Shingles and psoriasis

Shingles and psoriasis are two skin conditions. They can both affect large areas of the skin with itchy, painful rashes. Read on to learn the differences between these two conditions.


Shingles itself can’t be transmitted from person to person. But you can contract the virus that causes shingles from a person who has shingles. The virus that causes shingles is called varicella-zoster virus (VZV).

VZV can be in your body in an inactive form for decades. This is the same virus that results in chickenpox. It can become active again at any time. If you previously had chickenpox, you could develop shingles from the reactivated virus. It can cause a rash and blisters when reactivated.

You can transmit the virus to someone who isn’t immune to chickenpox if you have shingles in the blister phase. Someone who isn’t immune to chickenpox never had chickenpox or received the chickenpox vaccine. The virus is transmitted by contact with fluid from the rash’s blisters.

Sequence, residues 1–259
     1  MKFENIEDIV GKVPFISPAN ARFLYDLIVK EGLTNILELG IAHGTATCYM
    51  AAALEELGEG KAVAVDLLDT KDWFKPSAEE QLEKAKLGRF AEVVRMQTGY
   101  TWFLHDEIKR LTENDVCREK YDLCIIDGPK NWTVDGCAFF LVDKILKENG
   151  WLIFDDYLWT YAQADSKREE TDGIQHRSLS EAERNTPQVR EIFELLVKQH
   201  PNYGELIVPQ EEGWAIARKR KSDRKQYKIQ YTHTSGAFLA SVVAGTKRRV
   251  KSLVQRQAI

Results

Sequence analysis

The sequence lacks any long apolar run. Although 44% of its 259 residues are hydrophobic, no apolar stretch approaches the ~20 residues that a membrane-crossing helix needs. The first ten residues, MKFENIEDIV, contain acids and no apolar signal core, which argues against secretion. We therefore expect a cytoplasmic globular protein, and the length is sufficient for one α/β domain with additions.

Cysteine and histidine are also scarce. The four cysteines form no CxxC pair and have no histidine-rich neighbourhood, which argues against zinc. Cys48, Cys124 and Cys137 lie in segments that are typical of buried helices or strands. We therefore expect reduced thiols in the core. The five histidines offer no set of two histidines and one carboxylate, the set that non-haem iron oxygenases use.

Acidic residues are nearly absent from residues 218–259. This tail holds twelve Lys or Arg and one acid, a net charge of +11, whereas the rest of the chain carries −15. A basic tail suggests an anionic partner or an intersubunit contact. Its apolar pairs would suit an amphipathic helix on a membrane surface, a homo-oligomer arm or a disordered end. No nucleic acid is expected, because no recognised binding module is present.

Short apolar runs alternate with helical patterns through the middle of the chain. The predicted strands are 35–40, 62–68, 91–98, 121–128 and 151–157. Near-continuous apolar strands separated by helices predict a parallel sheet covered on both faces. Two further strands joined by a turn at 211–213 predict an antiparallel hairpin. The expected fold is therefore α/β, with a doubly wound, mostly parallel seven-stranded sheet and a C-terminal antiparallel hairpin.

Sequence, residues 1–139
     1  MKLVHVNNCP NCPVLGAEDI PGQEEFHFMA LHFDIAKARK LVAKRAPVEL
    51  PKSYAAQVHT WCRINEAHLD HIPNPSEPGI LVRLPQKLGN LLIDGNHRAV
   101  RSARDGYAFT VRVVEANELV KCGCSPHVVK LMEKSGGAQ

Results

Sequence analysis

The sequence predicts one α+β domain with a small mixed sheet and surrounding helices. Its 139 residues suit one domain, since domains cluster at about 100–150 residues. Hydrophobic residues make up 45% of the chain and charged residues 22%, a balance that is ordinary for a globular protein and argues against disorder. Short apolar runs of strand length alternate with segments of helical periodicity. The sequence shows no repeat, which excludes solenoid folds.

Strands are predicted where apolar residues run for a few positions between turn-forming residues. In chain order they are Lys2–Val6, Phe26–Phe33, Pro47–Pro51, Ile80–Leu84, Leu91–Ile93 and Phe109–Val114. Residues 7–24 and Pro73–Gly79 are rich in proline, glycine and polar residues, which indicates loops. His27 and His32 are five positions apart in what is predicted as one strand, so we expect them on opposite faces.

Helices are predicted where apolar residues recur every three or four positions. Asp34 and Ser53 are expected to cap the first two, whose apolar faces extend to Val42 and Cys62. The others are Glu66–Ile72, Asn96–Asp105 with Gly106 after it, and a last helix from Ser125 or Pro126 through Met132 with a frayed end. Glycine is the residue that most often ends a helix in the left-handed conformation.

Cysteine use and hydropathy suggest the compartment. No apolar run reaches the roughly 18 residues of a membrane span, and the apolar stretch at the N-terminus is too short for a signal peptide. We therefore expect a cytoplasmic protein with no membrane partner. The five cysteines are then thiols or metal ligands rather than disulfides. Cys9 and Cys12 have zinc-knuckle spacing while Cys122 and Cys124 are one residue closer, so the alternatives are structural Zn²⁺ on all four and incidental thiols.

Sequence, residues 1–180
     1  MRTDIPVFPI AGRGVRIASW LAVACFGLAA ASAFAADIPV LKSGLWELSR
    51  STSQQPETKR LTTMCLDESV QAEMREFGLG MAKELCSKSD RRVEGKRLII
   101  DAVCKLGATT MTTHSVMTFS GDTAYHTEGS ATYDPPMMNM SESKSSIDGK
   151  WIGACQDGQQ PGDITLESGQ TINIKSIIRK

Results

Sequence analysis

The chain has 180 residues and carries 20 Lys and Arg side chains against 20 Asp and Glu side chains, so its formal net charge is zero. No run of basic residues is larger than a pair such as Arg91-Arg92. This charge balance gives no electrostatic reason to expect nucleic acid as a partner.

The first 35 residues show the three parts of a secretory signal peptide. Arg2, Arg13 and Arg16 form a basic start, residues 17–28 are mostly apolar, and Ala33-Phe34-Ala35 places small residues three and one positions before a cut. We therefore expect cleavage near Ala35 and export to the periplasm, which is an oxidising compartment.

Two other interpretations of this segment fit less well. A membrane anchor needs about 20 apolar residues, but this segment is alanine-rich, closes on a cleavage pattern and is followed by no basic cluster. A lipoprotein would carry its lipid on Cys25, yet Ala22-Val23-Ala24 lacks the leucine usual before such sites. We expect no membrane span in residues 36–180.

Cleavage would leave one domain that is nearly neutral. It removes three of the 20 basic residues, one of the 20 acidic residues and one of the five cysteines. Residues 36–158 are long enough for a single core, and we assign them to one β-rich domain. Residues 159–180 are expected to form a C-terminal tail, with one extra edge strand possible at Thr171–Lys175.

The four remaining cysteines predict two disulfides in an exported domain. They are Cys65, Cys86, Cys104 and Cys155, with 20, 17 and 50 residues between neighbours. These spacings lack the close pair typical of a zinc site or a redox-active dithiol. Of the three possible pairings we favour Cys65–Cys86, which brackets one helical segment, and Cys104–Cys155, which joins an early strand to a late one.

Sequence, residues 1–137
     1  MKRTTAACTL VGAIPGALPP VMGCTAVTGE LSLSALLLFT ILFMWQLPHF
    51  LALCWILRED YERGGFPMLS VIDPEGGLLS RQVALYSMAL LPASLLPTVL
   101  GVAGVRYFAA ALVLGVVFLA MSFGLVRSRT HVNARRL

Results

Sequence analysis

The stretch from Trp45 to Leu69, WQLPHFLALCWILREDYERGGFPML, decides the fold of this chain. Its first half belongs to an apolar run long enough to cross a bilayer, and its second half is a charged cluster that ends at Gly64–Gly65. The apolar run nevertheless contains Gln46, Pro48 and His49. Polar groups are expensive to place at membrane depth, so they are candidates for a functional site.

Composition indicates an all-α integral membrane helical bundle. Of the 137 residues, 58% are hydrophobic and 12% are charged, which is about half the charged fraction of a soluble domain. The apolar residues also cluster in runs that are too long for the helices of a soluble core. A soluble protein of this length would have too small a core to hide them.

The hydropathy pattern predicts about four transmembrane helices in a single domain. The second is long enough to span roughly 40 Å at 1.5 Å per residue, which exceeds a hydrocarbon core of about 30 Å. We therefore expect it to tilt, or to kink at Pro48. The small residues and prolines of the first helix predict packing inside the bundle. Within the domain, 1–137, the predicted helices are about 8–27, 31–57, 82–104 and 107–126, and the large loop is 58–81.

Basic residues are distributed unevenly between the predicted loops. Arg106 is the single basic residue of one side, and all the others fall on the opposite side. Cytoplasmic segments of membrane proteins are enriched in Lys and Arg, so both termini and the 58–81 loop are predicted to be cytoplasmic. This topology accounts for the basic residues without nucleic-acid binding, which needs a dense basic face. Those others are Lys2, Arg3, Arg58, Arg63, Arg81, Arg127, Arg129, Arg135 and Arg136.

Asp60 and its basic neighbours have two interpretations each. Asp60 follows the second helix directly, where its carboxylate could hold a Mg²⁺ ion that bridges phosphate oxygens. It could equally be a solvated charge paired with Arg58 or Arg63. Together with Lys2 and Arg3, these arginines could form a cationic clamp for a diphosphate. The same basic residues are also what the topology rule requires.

If you transmit the virus to someone who hasn’t had chickenpox, they can develop chickenpox, but not shingles.

The virus lives in the nervous system. When it’s activated, it moves up the nerves to the outer surface of the skin. Once the rash from shingles crusts over, it’s no longer contagious.

According to the Centers for Disease Control and Prevention (CDC), about 1 in 3 people will develop shingles at some point in their lives. The CDC estimates there are 1 million cases of shingles each year in the United States.

The risk of developing shingles increases with age. Approximately half of all cases appear in people who are age 60 and older. You can reduce your risk by 51 percent if you take the shingles vaccine, according to the CDC. You should retake it every five years.


Psoriasis is a chronic autoimmune disorder. Unlike shingles, it’s not contagious. People with psoriasis will experience periods of remission followed by flare-ups. The condition is associated with rapid skin cell turnover.

There are five different types of psoriasis:

People can get more than one type of psoriasis. It can appear on different places on their bodies at different times throughout their lives.